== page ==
BRADFORD, BRITAIN (AFP) - Britain's opposition Labour Party pledged to raise taxes on the well-off, renationalise key industries and end austerity in its manifesto on Tuesday (May 16), presenting voters with their starkest choice in decades in next month's election.
Labour leader Jeremy Corbyn called the programme "radical and responsible", saying the country had been run "for the rich, the elite and the vested interests" in seven years of Conservative government.
"It will change our country," he was expected to say in a speech at the presentation of the manifesto in Bradford, in north-west England, according to extracts released by the party's press office.
"It will lead us through Brexit while putting the preservation of jobs first," he said.
The manifesto is expected to include a tax increase from 40 per cent to 45 per cent for salaries of between £80,000 (S$144,295) and £150,0000 a year, according to The Times and The Daily Telegraph.
The current 40 per cent tax rate applies to people earning between £31,500 and £150,000.
There would also be a new top rate of income tax of 50 per cent, the reports said.
Labour has said the rise would fund increased investment in the state-run National Health Service (NHS) and would only affect five per cent of earners.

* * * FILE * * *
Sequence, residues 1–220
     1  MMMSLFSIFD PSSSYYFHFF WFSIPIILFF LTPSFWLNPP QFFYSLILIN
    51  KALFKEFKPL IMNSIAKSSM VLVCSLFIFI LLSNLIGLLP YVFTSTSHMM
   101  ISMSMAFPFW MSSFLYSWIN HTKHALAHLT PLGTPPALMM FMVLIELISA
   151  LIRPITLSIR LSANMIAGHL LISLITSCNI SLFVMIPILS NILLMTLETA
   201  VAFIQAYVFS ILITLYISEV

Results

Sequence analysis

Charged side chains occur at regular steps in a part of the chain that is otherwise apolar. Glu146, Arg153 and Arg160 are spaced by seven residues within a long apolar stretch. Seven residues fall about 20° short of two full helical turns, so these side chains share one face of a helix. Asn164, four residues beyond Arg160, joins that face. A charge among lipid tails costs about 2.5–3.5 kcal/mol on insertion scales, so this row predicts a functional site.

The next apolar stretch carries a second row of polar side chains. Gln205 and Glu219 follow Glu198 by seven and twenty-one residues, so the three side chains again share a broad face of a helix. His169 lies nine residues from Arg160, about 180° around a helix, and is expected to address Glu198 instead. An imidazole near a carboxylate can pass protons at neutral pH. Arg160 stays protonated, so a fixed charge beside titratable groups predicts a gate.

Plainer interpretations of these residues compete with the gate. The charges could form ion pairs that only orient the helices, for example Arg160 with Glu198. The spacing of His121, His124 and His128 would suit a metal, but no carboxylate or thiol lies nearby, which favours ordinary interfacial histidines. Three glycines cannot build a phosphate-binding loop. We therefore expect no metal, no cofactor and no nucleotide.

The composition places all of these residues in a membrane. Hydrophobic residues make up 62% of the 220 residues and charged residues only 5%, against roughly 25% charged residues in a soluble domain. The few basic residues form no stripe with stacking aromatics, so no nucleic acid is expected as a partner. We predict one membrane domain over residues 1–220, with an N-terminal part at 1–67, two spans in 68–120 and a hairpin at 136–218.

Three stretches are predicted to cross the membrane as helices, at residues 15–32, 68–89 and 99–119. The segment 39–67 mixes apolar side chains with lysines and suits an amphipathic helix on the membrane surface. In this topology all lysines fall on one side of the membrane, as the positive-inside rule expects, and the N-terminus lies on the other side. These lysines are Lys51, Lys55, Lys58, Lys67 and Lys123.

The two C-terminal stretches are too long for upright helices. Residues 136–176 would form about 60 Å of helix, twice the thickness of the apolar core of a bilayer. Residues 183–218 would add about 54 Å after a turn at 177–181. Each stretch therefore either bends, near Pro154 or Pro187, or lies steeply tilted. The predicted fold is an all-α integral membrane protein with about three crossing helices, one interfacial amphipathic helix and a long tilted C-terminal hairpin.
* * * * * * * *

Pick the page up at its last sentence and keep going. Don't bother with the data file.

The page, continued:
The Guardian reported that the party was also planning a levy on businesses with staff earning large salaries, set at 2.5 per cent on those earning over £330,000 and 5 per cent on those earning more than £500,000.
Labour will also promise to renationalise the railways, the Royal Mail postal service and water companies, according to various reports.
Labour has also promised it will increase corporation tax to 26 per cent by 2022 and impose a "Robin Hood tax" on financial transactions.
"It's a programme that will reverse our national priorities to put the interests of the many first," Mr Corbyn is expected to say.
"This is a programme of hope. The Tory campaign, by contrast, is built on one word: fear."
But Prime Minister Theresa May's Conservatives immediately slammed the plan as "nonsensical" and not properly costed.
"It's ordinary working people who will pay for the chaos of Corbyn," Treasury Chief Secretary David Gauke said in a statement.
The Conservatives currently have a double-digit lead over Labour in opinion polls.